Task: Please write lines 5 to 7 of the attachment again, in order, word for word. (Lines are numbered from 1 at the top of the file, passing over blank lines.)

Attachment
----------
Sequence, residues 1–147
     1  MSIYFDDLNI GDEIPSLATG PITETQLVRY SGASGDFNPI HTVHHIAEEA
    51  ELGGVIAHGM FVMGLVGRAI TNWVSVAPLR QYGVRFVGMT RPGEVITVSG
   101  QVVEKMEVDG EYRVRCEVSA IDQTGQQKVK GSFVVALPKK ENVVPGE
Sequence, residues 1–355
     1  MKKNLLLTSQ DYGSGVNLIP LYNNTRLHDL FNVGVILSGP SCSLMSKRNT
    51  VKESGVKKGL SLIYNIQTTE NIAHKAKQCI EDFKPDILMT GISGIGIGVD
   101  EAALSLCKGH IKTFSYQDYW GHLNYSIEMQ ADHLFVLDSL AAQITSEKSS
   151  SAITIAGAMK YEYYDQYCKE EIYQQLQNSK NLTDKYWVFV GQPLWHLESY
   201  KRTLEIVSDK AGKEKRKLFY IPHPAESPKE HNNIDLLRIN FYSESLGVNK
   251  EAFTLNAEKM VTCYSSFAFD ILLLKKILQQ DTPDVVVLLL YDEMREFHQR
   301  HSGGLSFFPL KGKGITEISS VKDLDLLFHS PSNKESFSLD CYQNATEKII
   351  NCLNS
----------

Sequence, residues 1–355
     1  MKKNLLLTSQ DYGSGVNLIP LYNNTRLHDL FNVGVILSGP SCSLMSKRNT
    51  VKESGVKKGL SLIYNIQTTE NIAHKAKQCI EDFKPDILMT GISGIGIGVD